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Headword: Νῦν δή
Adler number: nu,603
Translated headword: just now
Vetting Status: high
Translation:
[Meaning] recently, or a little earlier. Plato in Laws [writes]: "or though it was just now, a bit earlier, that we visited these arguments and had not yet made these propositions, have we now forgotten them?"[1] And Euripides in Hippolytus [writes]: "just now you went up a mountain to pursue your desire for the hunt, now on waveless sands[...]."[2] Also in [his] Meleager [Author, Myth]: "you see me just now how you softened fortune."[3] Magnes in Pytacides [writes]: "tell me, just now you swore that it had not happened, but now you say it has."[4] In the Laws the 'now' is spoken absolutely in reference to present time, but the 'just' serves as a conjunction. "Just which of all the wars is most difficult, as we say just now."[5]
Greek Original:
Νῦν δή: ἀρτίως, ἢ μικρὸν ἔμπροσθεν. Πλάτων Νόμοις: ἢ νῦν δὴ ὀλίγον ἔμπροσθεν τούτοις περιτυχόντες τοῖς λόγοις οὔπω ταῦτ' ἐτίθεμεν: νῦν δὲ ἐπιλελήσμεθα; καὶ Εὐριπίδης ἐν Ἱππολύτῳ: νῦν δὴ μὲν ὄρος βᾶσ' ἐπὶ θήρας πόθον ἐστέλλου, νῦν δὲ ψαμάθοισιν ἀκυμάντοις. καὶ ἐν Μελεάγρῳ: ὁρᾷς σὺ νῦν δή με ὡς ἐπράϋνας τύχην. Μάγνης δὲ ἐν Πυτακίδῃ: εἰπέ μοι: νῦν δὴ μὲν ὤμνυς μὴ γεγονέναι, νῦν δὲ φής: ἐν δὲ τοῖς Νόμοις διαλελυμένον εἴρηκε τὸ μὲν νῦν ἐπὶ τοῦ παρόντος χρόνου, τὸ δὲ δὴ ἐπὶ συνδέσμου. ὃς δὴ πάντων τῶν πολέμων χαλεπώτατος, ὡς φαμὲν ἡμεῖς νῦν δή.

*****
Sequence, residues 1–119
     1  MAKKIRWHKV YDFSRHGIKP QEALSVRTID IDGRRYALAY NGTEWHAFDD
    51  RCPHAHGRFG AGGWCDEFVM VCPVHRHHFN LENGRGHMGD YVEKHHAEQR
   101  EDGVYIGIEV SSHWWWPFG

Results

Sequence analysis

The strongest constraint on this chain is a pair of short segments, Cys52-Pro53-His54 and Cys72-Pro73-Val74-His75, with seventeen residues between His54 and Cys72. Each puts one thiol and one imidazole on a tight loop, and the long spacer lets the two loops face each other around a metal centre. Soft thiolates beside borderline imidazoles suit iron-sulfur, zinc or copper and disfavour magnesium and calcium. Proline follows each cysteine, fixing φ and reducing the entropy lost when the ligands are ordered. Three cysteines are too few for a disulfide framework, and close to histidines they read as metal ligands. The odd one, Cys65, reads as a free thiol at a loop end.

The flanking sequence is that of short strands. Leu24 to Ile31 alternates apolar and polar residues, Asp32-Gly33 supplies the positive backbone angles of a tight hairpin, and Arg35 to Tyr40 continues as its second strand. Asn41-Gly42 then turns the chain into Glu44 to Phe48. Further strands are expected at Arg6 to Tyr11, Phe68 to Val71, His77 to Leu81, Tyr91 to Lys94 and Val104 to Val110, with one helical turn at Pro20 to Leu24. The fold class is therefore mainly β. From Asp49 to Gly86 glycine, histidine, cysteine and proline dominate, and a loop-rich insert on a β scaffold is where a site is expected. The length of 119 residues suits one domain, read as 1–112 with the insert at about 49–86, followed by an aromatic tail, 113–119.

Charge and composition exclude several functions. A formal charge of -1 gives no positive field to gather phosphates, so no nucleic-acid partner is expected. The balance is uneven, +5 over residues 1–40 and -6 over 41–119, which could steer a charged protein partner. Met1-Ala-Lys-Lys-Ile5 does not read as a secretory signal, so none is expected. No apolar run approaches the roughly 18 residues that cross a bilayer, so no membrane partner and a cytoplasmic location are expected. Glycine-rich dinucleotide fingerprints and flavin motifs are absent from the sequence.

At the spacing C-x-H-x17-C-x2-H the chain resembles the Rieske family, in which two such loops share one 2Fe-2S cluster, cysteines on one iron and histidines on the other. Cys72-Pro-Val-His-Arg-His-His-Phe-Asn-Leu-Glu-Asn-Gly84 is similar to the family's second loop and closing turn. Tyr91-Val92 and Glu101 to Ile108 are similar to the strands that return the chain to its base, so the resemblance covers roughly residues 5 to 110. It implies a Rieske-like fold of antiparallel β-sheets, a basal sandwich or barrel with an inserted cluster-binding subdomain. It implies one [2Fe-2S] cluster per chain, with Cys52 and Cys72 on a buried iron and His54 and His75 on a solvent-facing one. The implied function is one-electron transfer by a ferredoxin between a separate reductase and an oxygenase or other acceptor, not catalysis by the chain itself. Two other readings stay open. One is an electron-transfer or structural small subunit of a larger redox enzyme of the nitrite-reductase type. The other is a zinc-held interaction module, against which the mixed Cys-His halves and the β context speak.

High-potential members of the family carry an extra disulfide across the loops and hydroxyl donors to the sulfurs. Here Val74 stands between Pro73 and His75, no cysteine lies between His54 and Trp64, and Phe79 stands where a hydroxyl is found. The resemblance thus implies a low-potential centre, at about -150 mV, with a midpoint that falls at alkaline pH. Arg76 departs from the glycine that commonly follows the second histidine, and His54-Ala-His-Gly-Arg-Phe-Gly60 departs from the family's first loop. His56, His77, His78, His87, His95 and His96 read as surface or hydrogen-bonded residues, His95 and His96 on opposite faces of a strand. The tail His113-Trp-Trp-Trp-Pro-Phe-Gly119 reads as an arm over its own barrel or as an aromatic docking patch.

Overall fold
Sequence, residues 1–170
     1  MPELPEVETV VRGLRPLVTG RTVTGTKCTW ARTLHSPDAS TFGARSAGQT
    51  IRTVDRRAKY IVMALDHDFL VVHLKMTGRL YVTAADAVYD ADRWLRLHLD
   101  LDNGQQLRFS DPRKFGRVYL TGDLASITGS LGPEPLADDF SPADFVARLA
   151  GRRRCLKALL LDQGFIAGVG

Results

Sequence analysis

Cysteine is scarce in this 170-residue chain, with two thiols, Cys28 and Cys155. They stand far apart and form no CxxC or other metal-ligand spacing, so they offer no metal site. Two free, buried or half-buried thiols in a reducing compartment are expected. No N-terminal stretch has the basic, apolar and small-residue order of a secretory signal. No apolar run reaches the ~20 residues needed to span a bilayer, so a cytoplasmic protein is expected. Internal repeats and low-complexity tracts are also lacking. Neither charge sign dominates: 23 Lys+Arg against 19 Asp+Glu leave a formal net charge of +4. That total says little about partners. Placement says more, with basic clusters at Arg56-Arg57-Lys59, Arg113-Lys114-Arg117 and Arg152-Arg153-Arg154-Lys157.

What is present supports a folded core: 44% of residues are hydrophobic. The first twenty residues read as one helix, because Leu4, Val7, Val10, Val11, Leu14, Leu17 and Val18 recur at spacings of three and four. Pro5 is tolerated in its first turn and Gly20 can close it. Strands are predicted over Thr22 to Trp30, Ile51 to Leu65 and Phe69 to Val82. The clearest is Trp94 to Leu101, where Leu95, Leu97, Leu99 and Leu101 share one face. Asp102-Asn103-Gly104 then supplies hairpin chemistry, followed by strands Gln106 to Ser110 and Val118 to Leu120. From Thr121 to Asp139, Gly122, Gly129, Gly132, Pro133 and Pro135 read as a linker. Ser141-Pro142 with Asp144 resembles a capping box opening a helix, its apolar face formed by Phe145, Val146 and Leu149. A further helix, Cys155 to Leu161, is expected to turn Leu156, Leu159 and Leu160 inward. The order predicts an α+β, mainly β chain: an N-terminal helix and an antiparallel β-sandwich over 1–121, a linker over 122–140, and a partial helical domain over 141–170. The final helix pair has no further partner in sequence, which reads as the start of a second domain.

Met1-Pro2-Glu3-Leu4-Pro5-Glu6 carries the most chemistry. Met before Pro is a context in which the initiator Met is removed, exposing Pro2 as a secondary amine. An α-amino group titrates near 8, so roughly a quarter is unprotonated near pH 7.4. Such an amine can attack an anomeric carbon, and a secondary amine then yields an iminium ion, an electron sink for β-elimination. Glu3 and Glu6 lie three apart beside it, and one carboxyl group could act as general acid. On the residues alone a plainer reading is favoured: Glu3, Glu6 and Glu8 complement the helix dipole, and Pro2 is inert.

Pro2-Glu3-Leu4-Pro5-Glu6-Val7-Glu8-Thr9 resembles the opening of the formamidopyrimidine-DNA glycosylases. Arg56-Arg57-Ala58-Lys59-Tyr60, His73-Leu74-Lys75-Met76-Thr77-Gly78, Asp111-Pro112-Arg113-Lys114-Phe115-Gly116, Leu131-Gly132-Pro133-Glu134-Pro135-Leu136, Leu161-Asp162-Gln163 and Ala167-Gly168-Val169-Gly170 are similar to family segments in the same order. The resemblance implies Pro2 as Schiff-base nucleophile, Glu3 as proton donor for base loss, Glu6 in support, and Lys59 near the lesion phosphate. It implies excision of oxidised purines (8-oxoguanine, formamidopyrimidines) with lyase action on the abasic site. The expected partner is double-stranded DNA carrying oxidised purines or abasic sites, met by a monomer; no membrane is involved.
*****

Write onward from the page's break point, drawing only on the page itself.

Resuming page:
Notes:
Very similarly in Photius (nu294 Theodoridis, with other references).
[1] Plato, Laws 3.683E (web address 1), but here slightly garbled. In place of οὔπω ('not yet') the text of Plato reads οὕτω ('thus') which produces far better sense ("..had thus made these propositions...").
[2] An approximation of Euripides, Hippolytus 233-235 (web address 2).
[3] Euripides fr. 535 Nauck (and Kannicht), probably garbled. Nauck reads a vocative Τύχη in place of the accusative τύχην transmitted here and in Photius. This yields much better sense: "you see how you softened me just now, Fortune."
[4] Magnes [mu 20] fr. 6 Kock (and K.-A.); cf. pi 3257.
[5] Plato, Laws 1.629D, except that the text of Plato reads, more plausibly, ἔφαμεν ('we said'). See web address 3.
Associated internet addresses:
Web address 1,
Web address 2,
Web address 3
Keywords: comedy; definition; dialects, grammar, and etymology; military affairs; mythology; philosophy; poetry; religion; tragedy
Translated by: William Hutton on 16 November 2009@14:55:13.
Vetted by:
David Whitehead (another note; another keyword; tweaks and cosmetics) on 17 November 2009@03:25:04.
Catharine Roth (cosmetic, links) on 17 November 2009@10:24:31.
David Whitehead (adjustments) on 18 June 2013@06:12:02.

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